The sell down by private equity firms Quadrant and Mercury Capital out of listed aged care landlord and operator Estia Health raises several questions for investors in the $1.2 billion stock.
In February this year, just over a year after the company listed at $5.75, and just before Estia’s first half result which caused the stock to drop, Mercury Capital sold 7.7 million shares at $6.65 for about $51.2 million.
Not a bad trade, but the next private equity sell down didn’t wait for Estia – a market darling in the area of listed aged care – to improve.
On May 6, Quadrant private equity sold 16 million shares at $5.56, below the issue price, and the following trading day sold out completely with another 14.84 million shares offloaded also at $5.56.
The adage “follow the money” is particularly poignant here.
Estia still has some very large shareholders including Perpetual, the United States giant TIAA, Fidelity and Norges Bank. But their presence on Estia’s register provides even more of a reason to explore the company’s numbers and its potential as a growth stock.
Estia estimates its operating places as of June this year will be 5921. It is forecasting it will have 10,000 places by 2020.
Estia says it can get to 10,000 places because it is smarter at acquiring businesses in what is an extremely competitive environment and better at buying and developing green and brownfield sites.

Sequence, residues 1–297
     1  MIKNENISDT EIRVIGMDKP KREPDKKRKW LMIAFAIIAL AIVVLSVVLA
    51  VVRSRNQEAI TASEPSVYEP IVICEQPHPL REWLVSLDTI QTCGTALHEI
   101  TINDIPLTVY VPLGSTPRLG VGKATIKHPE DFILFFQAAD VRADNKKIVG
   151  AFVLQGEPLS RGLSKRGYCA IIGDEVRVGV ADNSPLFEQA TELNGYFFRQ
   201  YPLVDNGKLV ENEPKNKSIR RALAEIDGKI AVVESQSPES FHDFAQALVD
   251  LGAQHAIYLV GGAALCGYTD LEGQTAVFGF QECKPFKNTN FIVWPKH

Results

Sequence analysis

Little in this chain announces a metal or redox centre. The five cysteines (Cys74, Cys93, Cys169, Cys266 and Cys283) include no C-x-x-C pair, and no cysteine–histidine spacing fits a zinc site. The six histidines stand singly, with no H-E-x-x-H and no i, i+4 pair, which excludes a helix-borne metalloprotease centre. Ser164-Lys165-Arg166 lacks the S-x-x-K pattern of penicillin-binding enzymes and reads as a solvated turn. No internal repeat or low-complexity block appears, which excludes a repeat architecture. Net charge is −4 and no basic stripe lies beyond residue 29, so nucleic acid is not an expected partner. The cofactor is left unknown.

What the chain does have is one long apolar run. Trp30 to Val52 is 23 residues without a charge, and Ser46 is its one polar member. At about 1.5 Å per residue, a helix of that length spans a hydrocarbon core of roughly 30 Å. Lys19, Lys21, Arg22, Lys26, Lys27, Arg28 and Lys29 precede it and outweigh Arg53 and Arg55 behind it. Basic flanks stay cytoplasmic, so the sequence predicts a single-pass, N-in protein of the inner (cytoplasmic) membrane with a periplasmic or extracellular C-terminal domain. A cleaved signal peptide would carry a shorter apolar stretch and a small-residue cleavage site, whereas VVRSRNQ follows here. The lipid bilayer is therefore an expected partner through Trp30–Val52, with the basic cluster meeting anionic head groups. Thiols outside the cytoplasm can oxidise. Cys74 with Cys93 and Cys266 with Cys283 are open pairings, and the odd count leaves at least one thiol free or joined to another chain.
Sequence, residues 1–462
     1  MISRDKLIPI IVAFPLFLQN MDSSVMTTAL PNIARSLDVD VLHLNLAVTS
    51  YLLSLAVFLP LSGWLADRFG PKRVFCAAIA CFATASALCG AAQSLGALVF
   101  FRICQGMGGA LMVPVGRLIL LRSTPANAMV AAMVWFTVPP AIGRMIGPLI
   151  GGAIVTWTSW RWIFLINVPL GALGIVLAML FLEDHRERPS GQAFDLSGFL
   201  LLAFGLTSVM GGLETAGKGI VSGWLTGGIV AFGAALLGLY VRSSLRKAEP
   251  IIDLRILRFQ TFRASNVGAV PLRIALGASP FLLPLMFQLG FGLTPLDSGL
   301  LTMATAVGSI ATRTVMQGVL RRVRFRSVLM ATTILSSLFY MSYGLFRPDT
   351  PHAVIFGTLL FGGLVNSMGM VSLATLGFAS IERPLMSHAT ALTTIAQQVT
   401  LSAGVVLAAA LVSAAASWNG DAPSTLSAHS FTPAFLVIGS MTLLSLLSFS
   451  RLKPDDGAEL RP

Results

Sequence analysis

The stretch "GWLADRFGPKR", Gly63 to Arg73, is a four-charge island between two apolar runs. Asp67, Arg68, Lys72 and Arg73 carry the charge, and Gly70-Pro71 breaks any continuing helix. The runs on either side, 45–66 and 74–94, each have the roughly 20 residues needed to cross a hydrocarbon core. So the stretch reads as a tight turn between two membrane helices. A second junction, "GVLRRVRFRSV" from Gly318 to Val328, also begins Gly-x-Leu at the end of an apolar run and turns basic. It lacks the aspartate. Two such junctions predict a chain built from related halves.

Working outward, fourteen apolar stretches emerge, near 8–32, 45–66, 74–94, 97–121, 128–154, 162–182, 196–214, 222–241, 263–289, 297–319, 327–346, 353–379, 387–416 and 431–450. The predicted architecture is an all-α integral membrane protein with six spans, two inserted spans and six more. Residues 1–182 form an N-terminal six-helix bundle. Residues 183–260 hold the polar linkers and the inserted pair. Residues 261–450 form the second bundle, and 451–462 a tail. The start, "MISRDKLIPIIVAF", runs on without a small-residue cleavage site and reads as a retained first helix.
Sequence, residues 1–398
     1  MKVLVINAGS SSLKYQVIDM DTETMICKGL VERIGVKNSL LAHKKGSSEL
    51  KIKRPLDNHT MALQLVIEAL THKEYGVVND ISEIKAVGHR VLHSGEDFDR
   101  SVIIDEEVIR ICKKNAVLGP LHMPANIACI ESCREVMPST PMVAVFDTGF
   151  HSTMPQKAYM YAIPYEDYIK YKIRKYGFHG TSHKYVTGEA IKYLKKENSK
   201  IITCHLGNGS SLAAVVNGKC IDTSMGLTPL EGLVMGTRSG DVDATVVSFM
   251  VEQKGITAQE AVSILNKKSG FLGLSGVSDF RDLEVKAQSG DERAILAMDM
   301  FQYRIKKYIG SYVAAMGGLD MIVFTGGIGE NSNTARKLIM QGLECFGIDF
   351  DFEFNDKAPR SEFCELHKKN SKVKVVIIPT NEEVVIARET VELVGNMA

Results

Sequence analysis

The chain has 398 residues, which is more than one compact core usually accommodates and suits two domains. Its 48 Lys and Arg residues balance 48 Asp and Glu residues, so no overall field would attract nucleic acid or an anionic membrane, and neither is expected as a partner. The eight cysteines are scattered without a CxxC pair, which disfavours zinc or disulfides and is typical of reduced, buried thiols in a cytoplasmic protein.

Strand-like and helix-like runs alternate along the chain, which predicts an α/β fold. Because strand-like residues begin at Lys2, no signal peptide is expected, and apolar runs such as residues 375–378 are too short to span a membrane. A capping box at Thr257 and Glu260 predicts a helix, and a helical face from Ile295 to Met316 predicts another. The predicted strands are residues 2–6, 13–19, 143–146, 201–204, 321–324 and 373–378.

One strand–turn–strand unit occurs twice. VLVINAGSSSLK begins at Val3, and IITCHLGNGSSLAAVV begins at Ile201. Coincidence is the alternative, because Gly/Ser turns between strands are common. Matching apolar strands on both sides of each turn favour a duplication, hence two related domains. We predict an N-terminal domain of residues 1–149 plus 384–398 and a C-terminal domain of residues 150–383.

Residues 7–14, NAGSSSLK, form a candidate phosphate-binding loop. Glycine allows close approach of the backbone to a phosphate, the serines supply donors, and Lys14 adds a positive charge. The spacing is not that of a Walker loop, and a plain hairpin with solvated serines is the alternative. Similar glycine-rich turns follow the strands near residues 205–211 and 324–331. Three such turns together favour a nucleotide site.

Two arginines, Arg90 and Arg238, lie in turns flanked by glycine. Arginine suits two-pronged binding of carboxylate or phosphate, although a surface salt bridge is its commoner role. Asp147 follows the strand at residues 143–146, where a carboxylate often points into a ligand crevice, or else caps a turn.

Greenfield and brownfield developments will only make up a maximum of just over 1000 places between now and 2020. The remaining 3000 will come through acquisitions.
Funding the growth
Estia may have some deals planned and it may have a good track record of developing, but how likely is their success in such an increasingly competitive environment?
More importantly how does it fund that growth?
Estia has borrowed from the banks and the leverage Estia uses is a lot more aggressive than some of the other operators.
Another way Estia can fund its rapid expansion is through the use of Refundable Accommodation Deposits. This is basically using the deposits that customers give Estia on arrival into their new aged care facility. Estia uses these deposits as interest free financing, which the federal government allowed such operators to use only recently.
Estia has already used up a lot of these RADs for its acquisitions and developments and while its a smart use of capital, such an operator has to be careful as to how the value and volume of these may adjust over time.
The proportion of RAD-paying residents at Estia increased to 59.6 per cent in the first half of 2016 up from 46.8 per cent in first half of 2015.
But are Estia’s RAD inflows largely one-off and unsustainable?